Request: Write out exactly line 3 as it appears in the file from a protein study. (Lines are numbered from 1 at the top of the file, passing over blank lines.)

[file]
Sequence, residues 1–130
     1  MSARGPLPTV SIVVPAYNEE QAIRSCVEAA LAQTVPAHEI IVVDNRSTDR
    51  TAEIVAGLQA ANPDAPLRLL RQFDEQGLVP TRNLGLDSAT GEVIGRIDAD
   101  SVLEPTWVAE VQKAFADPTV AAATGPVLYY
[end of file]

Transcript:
    51  TAEIVAGLQA ANPDAPLRLL RQFDEQGLVP TRNLGLDSAT GEVIGRIDAD